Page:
It’s basically Microsoft’s mighty morphin’ iPad. It runs a version of Windows 8 designed for tablets. It’s got a really neat cover (more on that in a second). And it has a kickstand built into it. It’s pretty cool.
But as Microsoft is very keen to tell you, for $500, you get twice the storage of the $500 iPad model (32GB instead of 16GB), a bigger screen (10.6 inches instead of 9.7) and a real USB port (U S B vs. NOTHING AT ALL, THAT’S WHAT). That’s pretty good pricing for the tablet itself, and obviously makes it a direct competitor to the iPad. You can pre-order one at surface.com in like an hour (12pm ET), or buy it in person at the Microsoft Store, which is the only place on earth you can buy one, starting October 26.
But! The basically mandatory Touch Cover makes the real price at least $600.
This ad, which launched last night, is directed by John Chu, the guy behind Step Up 2. As you can see, they’re making a BIG DEAL about the cover.
If you buy a Surface, you will want this thing. It’s no accident that Microsoft first real ad for Surface revolves around the Touch Cover, which is essentially a 3mm thin pressure-sensitive multitouch gesture surface for typing. I got to use it for a second yesterday, and it’s actually kind of a magical little piece of technology? The thing is, it’s key to Microsoft’s whole message about what makes Surface different: That it can do everything. That it’s a tablet with all of the things that make an iPad great — easy to use, killer battery life, APPS — but you can also do laptop-y things with it, like type at full speed without compromising on all of the other tablet stuff. Without that Touch Cover, that’s not super possible. So you need it. If you don’t get it bundled in the $600 package, it’ll run $120 separately. But at least it comes in very bright colors if you do buy it separately.
There’s also a thicker version that’s a REAL keyboard with REAL moving keys for people who don’t want to adapt to the Touch Cover’s hybrid touch/real typing keyboard (which again, sounds weird, but is pretty cool). It’s $130.
For that extra $200, you get 64GB of storage and a Touch Cover thrown in. There’s no 4G option like the iPad, so this is the top-of-the-line model.
What Microsoft has tried to deliver here is a tablet that does more than the iPad for what looks like the exact same price. On one level, it’s done a pretty good job at that. But it’s essentially cheated a bit, hiding $100 of the cost by tucking it under a separate-but-critical piece of the Surface picture, the Touch Cover.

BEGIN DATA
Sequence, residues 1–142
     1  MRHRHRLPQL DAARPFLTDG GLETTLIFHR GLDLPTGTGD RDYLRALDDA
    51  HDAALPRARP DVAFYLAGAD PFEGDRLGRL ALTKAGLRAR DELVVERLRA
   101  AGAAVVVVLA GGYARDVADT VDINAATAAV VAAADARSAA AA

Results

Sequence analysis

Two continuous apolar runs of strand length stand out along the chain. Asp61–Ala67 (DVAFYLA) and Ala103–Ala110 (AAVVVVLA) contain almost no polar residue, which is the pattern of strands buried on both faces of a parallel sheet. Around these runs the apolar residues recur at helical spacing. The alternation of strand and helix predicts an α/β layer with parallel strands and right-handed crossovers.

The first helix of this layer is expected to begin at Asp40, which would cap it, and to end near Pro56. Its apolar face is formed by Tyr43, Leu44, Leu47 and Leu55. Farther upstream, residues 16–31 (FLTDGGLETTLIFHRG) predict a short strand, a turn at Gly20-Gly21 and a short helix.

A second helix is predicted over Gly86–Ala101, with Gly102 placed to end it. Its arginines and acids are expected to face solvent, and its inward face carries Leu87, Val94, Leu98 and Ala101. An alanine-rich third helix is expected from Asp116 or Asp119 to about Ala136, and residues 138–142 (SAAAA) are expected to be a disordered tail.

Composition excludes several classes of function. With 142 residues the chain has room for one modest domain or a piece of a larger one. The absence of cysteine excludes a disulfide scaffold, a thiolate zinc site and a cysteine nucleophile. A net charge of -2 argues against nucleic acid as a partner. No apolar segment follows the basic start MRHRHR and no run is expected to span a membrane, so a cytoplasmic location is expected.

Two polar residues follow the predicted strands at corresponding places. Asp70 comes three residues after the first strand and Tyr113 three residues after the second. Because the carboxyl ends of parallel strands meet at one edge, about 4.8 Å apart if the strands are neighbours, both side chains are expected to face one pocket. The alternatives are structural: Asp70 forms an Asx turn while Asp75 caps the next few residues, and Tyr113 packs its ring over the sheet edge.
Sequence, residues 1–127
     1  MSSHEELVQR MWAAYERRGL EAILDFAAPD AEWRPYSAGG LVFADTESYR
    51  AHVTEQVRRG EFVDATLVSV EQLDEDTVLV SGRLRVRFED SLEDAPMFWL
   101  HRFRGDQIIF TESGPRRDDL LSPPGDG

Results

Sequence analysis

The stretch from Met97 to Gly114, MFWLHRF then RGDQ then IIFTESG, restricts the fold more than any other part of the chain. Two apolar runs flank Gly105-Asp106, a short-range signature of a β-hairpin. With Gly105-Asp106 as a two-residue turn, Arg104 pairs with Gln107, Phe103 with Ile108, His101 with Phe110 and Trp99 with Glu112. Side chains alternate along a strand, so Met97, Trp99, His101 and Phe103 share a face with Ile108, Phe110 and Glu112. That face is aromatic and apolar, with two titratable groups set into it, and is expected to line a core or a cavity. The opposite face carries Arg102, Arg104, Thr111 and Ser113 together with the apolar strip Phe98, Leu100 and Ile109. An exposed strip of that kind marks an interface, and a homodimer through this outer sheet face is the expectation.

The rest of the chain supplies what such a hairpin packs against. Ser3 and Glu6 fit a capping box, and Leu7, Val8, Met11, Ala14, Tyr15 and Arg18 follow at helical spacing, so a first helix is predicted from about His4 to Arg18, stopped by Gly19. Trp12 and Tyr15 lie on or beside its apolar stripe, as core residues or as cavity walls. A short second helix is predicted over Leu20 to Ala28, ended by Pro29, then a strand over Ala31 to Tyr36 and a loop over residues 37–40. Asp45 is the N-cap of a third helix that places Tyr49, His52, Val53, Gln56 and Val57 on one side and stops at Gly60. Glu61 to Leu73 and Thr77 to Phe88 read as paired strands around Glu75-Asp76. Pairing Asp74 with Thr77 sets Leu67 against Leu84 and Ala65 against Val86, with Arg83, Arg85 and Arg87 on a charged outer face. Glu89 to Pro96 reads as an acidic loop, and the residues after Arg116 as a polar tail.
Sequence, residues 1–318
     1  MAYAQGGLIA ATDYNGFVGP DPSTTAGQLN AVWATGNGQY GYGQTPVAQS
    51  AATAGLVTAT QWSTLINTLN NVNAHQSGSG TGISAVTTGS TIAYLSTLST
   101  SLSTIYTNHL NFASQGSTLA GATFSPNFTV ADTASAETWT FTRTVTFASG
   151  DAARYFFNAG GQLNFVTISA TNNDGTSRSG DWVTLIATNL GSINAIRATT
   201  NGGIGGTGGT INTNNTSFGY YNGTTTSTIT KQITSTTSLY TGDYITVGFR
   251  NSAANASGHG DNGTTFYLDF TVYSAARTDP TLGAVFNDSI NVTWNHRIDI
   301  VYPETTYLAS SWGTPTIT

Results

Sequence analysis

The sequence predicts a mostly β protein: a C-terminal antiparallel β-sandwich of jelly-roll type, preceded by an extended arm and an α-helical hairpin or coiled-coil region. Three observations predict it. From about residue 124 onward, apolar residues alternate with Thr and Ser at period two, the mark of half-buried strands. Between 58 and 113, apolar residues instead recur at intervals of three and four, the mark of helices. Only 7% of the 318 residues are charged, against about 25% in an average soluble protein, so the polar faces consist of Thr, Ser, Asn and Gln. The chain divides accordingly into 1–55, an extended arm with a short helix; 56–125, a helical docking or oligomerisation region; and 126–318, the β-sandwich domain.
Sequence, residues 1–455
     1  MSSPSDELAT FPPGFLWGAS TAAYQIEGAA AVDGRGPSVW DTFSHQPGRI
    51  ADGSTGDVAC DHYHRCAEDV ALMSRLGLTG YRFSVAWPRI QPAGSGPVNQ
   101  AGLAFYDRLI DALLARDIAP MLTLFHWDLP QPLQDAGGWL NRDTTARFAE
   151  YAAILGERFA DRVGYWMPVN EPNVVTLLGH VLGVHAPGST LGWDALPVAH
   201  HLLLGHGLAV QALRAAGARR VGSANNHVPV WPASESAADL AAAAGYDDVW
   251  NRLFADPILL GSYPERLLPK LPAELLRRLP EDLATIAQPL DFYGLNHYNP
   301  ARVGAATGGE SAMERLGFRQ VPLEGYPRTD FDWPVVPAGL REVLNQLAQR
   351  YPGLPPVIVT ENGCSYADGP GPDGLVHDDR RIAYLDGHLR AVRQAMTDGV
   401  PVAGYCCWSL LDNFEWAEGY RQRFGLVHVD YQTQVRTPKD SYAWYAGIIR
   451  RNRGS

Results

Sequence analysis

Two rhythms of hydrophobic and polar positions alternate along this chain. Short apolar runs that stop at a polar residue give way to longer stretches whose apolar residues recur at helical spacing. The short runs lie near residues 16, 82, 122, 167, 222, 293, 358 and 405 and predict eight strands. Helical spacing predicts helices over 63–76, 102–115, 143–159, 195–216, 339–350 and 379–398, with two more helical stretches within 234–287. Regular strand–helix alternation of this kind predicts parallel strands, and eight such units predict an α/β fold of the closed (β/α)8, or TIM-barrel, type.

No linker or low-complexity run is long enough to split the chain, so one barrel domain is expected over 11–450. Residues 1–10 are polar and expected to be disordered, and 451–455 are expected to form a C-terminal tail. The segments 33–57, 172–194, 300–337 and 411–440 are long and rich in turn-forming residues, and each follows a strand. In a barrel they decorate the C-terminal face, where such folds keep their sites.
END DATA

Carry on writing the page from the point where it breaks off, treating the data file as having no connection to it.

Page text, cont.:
In other words, Microsoft’s iPad is $500. But Microsoft’s Surface is $600.
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Plus it has about 1/3rd the number of pixels since it does not have a retina display. iPad has a 2048x1536 = resolution display (3145728 pixels) v.s. 1366x768 Surface (1049088 pixels). Also iPad owners have been able to buy keyboards of all kinds since the very first iPad.
I see your argument that more pixels is better but I think there is a point at which the number of pixels doesn’t matter; the human eye can only see so well on a tablet. I am sure that a dozen or so tablets from Apple and Android have displays that could classify them at a “Retina Display” level. What I am more concerned about is aspect ratio; a beautiful device should have an aspect ratio of 1.6180339887… the golden ratio (the most mathematically and aesthetically pleasing height/width ratio)The Surface at 1.77 is closer to it than the iPad at 1.33, and many Android tablets are very close at 1.6.
The real OS is what I’ve been waiting for. I don’t want yet another notebook computer. I want a tablet with a real OS, that I can use for enterprise email and real applications. I have fun with my iPad, but I would be able to get work done on this. Now if MS would only get some decent apps in their lousy store.
This is going to bomb so hard. It’s a really cool concept but a terrible execution and I don’t think MS realizes that most consumers don’t WANT a tablet that also does laptop shit. That’s what laptops are for. Tablets like that existed for years before the iPad and were never commercially successful. I’m really disappointed by the price of it as well… you’ve got to do better than that if you want to take on the iPad.
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